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Camera with 443 mm focal length lens used to photograph the sun and moon What is the height (in mm) of the image of the sun on the film, given the sun is 1.40 km in...

Question

Camera with 443 mm focal length lens used to photograph the sun and moon What is the height (in mm) of the image of the sun on the film, given the sun is 1.40 km in diameter and is 1.50 km away? (Include the sign of the value in your answer.)4.13mm

camera with 443 mm focal length lens used to photograph the sun and moon What is the height (in mm) of the image of the sun on the film, given the sun is 1.40 km in diameter and is 1.50 km away? (Include the sign of the value in your answer.) 4.13 mm



Answers

A camera with a 100 $\mathrm{mm}$ focal length lens is used to photograph the sun and moon. What is the height of the image of the sun on the film, given the sun is $1.40 \times 10^{6} \mathrm{km}$
in diameter and is $1.50 \times 10^{8} \mathrm{km}$ away?

So the strategy of the question is you find G I It was one of the F minus one of our dio Put the values in and find d I now magnification is h I over h all. It was negative d I over Theo, so find the image distance to be negative. De i o r deal times h o. So that's all this We have the focal than this 200 millimeter are 0.2 m minus did not ease 10 kilometer So 10 to the 4 m which is almost 200 meeting Now we know that immense distances 200 m on the object distances can to the 4 m times height of the object He's 100 mean 1000 m So something this we get I'd up the image He's negatives to dance 10 to the negative two Major it was negative two centimeter So height of the image ease two centimeter on the negative sign in the guest that it is in the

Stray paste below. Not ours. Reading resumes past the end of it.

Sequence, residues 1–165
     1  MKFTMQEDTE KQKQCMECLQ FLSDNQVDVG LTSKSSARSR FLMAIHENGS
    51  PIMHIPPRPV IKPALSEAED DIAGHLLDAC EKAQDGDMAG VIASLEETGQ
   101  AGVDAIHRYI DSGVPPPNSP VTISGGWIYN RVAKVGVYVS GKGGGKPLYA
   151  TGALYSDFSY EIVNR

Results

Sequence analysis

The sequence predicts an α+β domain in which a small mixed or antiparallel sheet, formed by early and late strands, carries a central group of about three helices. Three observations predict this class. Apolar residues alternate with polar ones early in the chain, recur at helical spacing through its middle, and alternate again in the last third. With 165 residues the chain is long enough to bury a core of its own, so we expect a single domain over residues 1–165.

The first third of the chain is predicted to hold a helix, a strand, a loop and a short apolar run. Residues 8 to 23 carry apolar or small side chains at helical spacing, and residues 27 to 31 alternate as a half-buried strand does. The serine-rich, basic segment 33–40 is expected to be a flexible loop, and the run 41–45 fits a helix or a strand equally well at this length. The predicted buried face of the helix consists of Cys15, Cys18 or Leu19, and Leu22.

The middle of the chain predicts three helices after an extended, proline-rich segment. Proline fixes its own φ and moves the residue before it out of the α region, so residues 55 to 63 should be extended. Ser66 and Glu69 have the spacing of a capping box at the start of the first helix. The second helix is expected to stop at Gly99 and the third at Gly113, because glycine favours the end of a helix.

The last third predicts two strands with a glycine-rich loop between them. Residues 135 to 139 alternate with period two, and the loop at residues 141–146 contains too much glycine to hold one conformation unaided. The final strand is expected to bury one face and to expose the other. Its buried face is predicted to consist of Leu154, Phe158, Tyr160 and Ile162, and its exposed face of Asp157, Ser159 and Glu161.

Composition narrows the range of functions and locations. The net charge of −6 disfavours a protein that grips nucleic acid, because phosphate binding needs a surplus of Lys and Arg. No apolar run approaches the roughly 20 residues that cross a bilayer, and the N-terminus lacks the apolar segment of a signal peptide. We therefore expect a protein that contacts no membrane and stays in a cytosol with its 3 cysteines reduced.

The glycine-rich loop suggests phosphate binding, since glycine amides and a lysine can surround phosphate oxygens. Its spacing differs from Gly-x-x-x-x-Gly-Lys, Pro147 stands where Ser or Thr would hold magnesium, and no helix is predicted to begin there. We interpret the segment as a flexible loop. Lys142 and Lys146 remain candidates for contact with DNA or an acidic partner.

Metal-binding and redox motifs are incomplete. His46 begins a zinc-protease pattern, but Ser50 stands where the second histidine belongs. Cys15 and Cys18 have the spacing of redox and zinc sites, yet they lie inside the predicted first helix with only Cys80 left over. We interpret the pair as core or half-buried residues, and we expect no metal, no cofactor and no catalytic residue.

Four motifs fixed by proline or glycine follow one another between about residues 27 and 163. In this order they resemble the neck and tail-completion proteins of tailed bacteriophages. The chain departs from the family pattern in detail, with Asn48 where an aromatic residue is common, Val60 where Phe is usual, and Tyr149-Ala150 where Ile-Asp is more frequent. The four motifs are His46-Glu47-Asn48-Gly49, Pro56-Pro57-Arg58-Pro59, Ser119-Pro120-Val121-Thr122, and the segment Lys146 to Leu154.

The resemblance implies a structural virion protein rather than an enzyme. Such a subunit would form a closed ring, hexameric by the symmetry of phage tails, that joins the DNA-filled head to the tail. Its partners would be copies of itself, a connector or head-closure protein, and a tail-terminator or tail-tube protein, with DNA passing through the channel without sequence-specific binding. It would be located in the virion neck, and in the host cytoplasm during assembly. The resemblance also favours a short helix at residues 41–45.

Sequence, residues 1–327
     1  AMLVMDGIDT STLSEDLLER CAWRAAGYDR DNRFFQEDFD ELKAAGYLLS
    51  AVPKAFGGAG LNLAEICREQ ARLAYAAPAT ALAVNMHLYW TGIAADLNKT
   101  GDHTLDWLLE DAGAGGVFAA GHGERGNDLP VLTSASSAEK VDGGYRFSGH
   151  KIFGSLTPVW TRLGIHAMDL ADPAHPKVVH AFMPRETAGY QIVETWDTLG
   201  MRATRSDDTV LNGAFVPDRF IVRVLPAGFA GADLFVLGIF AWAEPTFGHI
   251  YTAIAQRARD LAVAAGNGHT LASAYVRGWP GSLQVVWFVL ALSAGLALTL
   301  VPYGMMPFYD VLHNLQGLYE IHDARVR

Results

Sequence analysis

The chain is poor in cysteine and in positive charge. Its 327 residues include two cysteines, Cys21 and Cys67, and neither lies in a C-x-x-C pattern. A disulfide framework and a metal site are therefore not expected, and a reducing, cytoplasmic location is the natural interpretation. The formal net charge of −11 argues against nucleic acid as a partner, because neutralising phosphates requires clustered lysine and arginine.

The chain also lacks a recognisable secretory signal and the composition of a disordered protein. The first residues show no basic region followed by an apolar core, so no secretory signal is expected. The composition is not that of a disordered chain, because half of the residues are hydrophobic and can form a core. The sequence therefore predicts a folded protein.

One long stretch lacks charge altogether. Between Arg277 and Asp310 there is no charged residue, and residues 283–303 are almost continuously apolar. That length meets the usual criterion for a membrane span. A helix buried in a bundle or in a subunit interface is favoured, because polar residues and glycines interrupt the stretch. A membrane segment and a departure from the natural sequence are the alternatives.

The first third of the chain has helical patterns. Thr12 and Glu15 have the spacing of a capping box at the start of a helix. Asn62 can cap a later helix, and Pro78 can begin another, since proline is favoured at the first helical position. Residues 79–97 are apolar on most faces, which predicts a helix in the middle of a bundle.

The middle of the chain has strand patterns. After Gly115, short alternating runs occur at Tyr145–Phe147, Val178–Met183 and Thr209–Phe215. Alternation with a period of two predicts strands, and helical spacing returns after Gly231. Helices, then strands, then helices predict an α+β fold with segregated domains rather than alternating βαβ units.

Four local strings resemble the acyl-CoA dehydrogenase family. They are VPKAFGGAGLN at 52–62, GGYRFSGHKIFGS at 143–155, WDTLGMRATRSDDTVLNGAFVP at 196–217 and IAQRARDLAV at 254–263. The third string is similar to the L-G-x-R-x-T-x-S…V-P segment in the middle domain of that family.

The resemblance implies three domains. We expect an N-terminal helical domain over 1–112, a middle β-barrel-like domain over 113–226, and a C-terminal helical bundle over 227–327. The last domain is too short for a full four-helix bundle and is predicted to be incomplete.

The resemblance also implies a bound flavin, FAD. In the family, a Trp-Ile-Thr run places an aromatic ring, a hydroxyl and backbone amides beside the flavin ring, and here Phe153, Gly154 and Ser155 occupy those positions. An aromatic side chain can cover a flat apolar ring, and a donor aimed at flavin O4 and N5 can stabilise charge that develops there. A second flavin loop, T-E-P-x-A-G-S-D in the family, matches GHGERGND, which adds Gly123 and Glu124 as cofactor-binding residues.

A large is a major for Sung using different cameras for so for about a we're using, um 28 millimeters focal Leif. In general, all the cameras will have the same expression. So the because the sun is very far away, the land will be at the focal point. So the I is f and we can find the magnitude off the size. Using that age, I divided by 80 s minus t i by the zero. So the magnitude of the image is a zero. The eye over the zero. And you let supply this for this case. 28 millimeters. So we get a zero is 1.4 times 10 to the sixth communiqu times 28 millimeters, divided by 1.5 time. Stand to the eight planets. This is you know 0.26 millimeters for part eight for part, Be the same formal. But now we're using a lens that has 15 millimeters. So age one iss won't bring four times. Then to the 60. Liberace sounds 15 million mirrors divided by 1.5 times stand today, eh? Cleanliness. This is your 0.47 millimeters. This is the part Me and part. See, we were using 125 millimeters No mirrors. Now many mirrors so but see you're using a tch. One is 1.4 times into the six glimmers. I'm so happy that day. Five. Many mirrors divided by 1.5 times and to the eight. Then there's this 1.3 million years now for party. Ah, if the 50 million years ago is considered normal for this Lance, what what is the relative magnitude magnification Compared to the other two? Um, the equation serves that the image height is directly proportional to the focal life. Therefore, the relative magnification will be the racial off the focal, who, for the 28 million mirrors less because that is 28 by the by 15. This is there a 0.50 six. Therefore, the 125 million mirrors. This is 135 divided by 50. This is 2.7 times